Most of the planets in our solar system have orbital moons and even some asteroids have their own moons. But do everything moons are there moons? Is it possible? Can there be so-called submoons? Carnegie Science's Juna Collmeyer said her 4-year-old son had raised her interest in this subject by asking this seemingly logical question. The question is simple enough. If most other objects in the solar system can have moons, why not the moons themselves?
Kollmeier decided to try to answer the question, along with colleague Shaun Raymond of the Université de Bordeaux. Their results have already been published in a new publication published in February 2019 Monthly announcements of the Royal Astronomical Society,
As explained by Raymond in a statement from Carnegie Science:
The planets orbiting stars and moons orbits, so it is natural to ask whether the smaller moons can travel larger orbits.
Until now, no moons have been found that can be found around some of the moons most likely supposed to support them – the moon of Jupiter Calisto, the moons of Saturn Titan and the Japhets and the moon on Earth. According to Kollmayer:
The lack of known moons in our solar system, even in orbit around the moons that could theoretically support such objects, can provide us with clues about how our own and neighboring planets are formed for which there are still many unresolved issues.
Researchers have discovered that only large satellites of broad orbits from their receiving planets could receive sub-moons. Generally, all the subterfuge, which circulates around the smaller moons closer to their planet, could destabilize their orbits from the tidal forces. The big moon of Jupiter Calisto, the moon of Saturn Titan, another moon of Saturn called Jape and the moon on Earth all theoretically can have swords, so why?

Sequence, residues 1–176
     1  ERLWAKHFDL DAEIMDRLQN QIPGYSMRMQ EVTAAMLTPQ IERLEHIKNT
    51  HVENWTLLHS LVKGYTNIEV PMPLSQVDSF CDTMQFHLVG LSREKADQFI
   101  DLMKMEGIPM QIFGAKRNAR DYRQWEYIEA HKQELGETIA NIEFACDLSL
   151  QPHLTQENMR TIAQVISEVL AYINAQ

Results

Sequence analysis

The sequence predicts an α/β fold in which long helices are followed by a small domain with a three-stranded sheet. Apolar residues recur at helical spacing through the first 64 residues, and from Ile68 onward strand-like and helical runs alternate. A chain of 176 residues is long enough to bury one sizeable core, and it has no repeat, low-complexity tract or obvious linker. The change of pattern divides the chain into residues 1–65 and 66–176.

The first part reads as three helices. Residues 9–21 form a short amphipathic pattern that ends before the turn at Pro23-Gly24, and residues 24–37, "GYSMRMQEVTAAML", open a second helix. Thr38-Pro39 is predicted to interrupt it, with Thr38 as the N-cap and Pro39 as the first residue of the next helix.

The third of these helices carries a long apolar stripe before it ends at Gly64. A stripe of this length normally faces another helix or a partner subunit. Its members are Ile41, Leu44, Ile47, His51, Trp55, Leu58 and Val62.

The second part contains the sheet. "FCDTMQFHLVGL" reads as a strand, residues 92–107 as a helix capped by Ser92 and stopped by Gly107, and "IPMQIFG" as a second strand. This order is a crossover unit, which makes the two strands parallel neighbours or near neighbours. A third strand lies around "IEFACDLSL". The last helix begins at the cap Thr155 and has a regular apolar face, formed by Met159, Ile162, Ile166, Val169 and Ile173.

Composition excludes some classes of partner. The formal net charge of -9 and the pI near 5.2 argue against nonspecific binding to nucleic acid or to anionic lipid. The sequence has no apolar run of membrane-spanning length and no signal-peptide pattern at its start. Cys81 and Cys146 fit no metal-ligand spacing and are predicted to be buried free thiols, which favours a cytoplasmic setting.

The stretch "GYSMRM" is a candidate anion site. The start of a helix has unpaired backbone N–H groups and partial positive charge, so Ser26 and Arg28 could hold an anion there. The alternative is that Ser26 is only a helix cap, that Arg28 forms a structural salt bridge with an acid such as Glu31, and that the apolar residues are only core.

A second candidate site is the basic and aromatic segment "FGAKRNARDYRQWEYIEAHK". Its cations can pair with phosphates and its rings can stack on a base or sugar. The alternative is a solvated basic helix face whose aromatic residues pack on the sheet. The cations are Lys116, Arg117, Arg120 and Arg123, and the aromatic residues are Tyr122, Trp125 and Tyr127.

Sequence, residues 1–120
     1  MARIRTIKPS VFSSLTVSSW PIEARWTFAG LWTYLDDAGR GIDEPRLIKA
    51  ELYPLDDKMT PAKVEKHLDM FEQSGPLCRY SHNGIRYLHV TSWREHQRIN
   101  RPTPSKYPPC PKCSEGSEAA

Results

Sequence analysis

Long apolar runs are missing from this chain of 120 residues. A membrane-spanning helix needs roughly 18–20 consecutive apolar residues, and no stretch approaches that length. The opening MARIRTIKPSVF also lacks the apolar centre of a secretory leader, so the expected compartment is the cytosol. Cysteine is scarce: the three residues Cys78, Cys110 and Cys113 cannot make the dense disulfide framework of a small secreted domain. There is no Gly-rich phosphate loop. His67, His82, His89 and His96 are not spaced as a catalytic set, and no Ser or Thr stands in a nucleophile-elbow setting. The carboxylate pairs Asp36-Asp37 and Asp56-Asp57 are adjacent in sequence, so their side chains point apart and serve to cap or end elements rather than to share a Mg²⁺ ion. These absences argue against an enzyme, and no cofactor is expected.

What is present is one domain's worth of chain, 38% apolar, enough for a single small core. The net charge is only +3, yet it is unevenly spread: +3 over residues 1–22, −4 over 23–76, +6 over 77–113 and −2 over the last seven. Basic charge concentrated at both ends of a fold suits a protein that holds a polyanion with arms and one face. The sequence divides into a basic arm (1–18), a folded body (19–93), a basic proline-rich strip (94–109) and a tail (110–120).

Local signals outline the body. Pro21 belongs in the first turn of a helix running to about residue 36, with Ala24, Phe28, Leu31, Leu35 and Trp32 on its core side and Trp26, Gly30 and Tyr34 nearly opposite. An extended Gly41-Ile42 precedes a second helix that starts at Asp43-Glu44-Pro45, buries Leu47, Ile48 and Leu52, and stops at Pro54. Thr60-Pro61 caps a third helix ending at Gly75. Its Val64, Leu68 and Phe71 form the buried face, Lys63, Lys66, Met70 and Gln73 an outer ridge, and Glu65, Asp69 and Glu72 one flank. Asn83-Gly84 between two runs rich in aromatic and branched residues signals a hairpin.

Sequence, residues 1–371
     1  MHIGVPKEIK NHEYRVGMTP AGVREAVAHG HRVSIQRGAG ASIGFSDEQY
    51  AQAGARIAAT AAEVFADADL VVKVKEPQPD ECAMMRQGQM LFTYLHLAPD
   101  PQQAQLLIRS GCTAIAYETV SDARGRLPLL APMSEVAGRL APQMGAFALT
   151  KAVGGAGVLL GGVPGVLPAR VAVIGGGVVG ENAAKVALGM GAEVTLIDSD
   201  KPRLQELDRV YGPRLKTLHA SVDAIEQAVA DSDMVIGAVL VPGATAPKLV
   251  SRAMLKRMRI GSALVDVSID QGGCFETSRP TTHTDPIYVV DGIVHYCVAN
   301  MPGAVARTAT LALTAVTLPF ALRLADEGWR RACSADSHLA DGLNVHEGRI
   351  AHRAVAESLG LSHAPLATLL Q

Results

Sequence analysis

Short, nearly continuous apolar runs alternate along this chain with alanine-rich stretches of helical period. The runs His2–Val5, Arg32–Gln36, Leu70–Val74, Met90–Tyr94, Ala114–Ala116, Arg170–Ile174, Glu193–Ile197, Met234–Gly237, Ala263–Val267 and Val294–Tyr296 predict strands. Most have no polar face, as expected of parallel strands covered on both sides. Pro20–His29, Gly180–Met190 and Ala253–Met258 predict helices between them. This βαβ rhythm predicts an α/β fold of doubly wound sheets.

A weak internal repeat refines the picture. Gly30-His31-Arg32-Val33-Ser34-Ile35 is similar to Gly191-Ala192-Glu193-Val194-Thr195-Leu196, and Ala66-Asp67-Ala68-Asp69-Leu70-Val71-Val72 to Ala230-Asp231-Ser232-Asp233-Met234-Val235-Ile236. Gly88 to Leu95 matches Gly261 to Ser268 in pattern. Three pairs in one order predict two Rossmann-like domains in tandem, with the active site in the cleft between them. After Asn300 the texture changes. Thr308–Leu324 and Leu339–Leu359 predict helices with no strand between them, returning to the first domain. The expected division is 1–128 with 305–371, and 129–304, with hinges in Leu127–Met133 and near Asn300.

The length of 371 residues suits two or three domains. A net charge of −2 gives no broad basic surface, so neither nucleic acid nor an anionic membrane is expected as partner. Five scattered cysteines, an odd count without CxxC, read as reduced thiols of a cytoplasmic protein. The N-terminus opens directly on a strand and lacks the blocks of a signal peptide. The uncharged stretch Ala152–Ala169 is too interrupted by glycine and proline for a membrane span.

Researchers say there may be other sources of submergence instability, such as the uneven mass concentration in the earth's crust.
Part of the answer may also be related to how the primary moons are formed first. It is believed that the moon on Earth is born from a collision between the Earth and another Mars-sized body – and that collisions may have helped Earth's life begin. But some other moons, like those that circle around Jupiter and Saturn, come from the same cloud of gas and dust from which the planets themselves have formed. Collmaier added:
And, of course, this could lead to ongoing efforts to understand how planetary systems are developing elsewhere and how our own solar system fits into thousands of others discovered by planet-hunting missions.
It may be that in many or even in most cases there are many factors that make the orbits of the replacements essentially unstable. To know whether this is true or not, you may have to wait for the discoveries of the moons that run around distant exoplanets. The moons themselves are much more difficult to detect, and only one promising candidate has been discovered – a possible exomus in orbit around the Jupiter Kepler-1625b exoplanet. This possible moon, the size of Neptune, is big enough and far enough from its planet that it should also be possible to replace it. Astronomers will have to check the initial moon before they find it before searching for it.
Although the Earth moon now has no underwater trait, it may in the future, according to the researchers, be artificial, perhaps the Lunar Portal planned by NASA. The Lunar Gateway will help establish the presence of humanity in deep space, as stated by William Gerstenmeyer, Human Resources and Operations Director at NASA's Headquarters:
The portal will give us a strategic presence in the cynical space. It will lead our business with trade and international partners and help us explore the Moon and its resources. In the end, we will translate this experience into human missions on Mars.
Raymond has also written a cool poem about moon moons that you can enjoy on his blog here.
Ultimately, the possibility of moons having their own moons is charming, although we have not found any examples yet. This new study by Carnegie Science shows that this is indeed the case possible, but only in appropriate circumstances.
Source: Can the moons have moons?
Via Carnegie Science